Canadian-born Tenille Townes is a storyteller through and through: she’s been opening Dierks Bentley’s arena shows with nothing but herself and a guitar, captivating audiences with songs like the beautifully empathetic “Somebody’s Daughter.” On Friday she’ll take her tales to the Chevrolet Breakout Stage, bringing plenty of introspection to the party-heavy CMA Fest — and a rock & roll spirit, too. Friday, Chevrolet Breakout Stage, 4:30 p.m.
Since bridging bluegrass and country music in the Eighties, Ricky Skaggs has been rightfully enshrined in the Halls of Fame for both art forms and remains not only Bill Monroe’s most shining disciple but an inspiration to musicians of all stripes. The legendary entertainer, who’ll play Bonnaroo four days after this gig, continues to breathe new life into vintage music, ensuring a set that will appeal to fans of all ages. Sunday, Forever Country Stage, 11:00 a.m.
A few years ago at CMA Fest, Carly Pearce was the buzzy new act with a bombshell single, her heartbreaking ballad “Every Little Thing.” This year, she’s appearing with a new album in the works, a dance-worthy track “Closer to You” and a career on a trajectory to country superstardom. Come for hits like “Hide the Wine,” stay for those pristine vocals and surefire spikes of her bluegrass roots. Friday, HGTV Lodge, 11:00 a.m.; Saturday, Riverfront Stage, 2:30 p.m.
Morgan Wallen has successfully navigated the transition from Voice also-ran to chart-topping country star, updating his image to something approaching redneck hipster and releasing his excellent debut album If I Know Me in 2018. Wallen’s songs like “Up Down” are certifiable party jams, but it’s the cleverly written burners like “Whiskey Glasses” — now a Number One hit — and Wallen’s perfectly modulated sandpaper-rough croon that make him worth another look. Thursday, HGTV Lodge, 3:00 p.m.; Friday, Riverfront Stage, 2:30 p.m.
Last month, the rock-Tejano quartet decimated a local club with a furious show that was broadcast on Nashville station Lightning 100. Here’s your chance to catch their off-the-rails performance style in the flesh and hear some of the punchy new songs the group has been working on (“No More, No Mas” is a winner), along with live favorites like the thumping “River Man.” Friday, Maui Jim Broadway Stage, 4:00 p.m.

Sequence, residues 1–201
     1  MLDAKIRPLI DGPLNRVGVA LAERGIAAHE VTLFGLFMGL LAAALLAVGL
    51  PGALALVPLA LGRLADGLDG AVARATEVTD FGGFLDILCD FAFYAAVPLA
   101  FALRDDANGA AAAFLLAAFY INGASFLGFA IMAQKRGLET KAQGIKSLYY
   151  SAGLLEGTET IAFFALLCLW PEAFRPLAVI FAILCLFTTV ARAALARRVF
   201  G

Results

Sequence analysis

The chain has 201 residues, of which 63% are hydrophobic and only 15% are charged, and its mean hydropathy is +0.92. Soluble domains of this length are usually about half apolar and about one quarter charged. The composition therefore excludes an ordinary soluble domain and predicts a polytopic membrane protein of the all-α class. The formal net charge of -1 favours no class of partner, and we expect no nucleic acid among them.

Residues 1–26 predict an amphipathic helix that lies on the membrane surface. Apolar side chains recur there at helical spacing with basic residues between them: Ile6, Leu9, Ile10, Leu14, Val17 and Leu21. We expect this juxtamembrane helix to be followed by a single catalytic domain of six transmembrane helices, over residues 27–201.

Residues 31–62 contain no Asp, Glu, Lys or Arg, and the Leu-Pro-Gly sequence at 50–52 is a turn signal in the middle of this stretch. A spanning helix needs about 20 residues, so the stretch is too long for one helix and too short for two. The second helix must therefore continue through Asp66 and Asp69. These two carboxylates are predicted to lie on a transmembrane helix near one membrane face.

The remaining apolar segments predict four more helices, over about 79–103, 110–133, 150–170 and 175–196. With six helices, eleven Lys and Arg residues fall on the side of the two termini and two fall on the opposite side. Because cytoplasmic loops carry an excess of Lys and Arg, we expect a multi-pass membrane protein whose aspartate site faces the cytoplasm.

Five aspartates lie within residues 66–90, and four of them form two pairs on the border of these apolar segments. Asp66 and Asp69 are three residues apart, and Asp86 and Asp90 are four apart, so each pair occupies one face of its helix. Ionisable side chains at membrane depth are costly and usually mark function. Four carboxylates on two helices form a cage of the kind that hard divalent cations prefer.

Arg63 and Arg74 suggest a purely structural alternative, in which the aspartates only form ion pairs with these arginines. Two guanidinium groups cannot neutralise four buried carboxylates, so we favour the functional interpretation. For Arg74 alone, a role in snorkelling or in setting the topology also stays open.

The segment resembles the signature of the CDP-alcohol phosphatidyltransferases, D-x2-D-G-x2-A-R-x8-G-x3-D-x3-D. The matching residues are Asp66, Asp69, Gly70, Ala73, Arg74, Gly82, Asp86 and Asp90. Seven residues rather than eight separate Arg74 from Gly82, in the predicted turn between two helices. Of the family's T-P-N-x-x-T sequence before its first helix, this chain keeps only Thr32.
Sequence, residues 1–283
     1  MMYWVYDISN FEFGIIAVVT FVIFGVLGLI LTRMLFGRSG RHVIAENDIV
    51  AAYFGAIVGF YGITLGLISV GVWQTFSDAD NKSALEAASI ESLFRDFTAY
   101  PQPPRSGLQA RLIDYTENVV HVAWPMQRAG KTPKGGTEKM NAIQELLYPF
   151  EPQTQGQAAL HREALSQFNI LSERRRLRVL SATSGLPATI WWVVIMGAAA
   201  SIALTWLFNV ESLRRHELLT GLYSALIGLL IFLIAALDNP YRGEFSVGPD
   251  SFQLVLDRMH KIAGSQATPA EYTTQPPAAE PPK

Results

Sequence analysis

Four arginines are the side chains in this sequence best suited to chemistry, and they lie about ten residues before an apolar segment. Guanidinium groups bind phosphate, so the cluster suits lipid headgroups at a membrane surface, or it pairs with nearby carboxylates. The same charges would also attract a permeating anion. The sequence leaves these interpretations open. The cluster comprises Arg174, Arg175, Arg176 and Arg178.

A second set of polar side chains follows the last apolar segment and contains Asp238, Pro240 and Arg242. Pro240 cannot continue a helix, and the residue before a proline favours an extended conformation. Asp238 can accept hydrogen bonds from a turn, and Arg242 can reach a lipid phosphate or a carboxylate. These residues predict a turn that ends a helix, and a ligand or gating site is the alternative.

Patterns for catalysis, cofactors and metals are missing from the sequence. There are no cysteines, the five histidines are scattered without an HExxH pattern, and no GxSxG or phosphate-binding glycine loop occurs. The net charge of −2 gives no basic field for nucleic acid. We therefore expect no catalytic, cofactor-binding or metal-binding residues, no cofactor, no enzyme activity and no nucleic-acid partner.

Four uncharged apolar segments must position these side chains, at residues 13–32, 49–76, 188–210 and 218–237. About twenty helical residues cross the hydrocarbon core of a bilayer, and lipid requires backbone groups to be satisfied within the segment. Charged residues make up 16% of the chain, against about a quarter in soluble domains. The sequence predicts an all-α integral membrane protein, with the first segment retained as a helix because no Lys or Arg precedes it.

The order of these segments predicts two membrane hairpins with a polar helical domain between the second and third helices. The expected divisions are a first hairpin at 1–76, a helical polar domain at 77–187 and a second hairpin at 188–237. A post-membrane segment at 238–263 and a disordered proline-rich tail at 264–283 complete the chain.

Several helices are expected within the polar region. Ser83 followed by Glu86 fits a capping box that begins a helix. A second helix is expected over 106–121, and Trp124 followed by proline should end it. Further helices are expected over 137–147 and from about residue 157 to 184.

As Lil Nas X’s “Old Town Road” continues its domination, fellow country-rap mixologists like Blanco Brown are on the ascent. Georgia native Brown turned heads with his delightful, looped-pedal-steel dance number “The Git Up” earlier in 2019 and just recently put out his self-titled EP with new tracks like “Georgia Power” that feature his skillful combination of acoustic country-soul and rhythm-heavy rap. Friday, Acoustic Corner, 12:45 p.m.
On Monday, Kassi Ashton debuted the swaggering new song “Field Party,” which she claims she wasn’t supposed to release until after CMA Fest. But that’s just how Ashton operates: tell her something she can’t do, and she’ll do it 10 times over. Expect that same fearless, give-no-shits approach at her CMA Fest set, along with the Missouri native’s huge, soulful voice. Thursday, Chevrolet Breakout Stage, 4:00 p.m.
If there’s a group whose potential matches all the inevitable Dixie Chicks comparisons, it’s Runaway June — the trio of Naomi Cook, Hannah Mulholland and Jennifer Wayne. So far they’ve showed off a strong point of view and serious songwriting chops with singles like “Lipstick” and “Buy My Own Drinks,” currently their highest-charting release at Number 21. Thursday, Riverfront Stage, 12:00 p.m.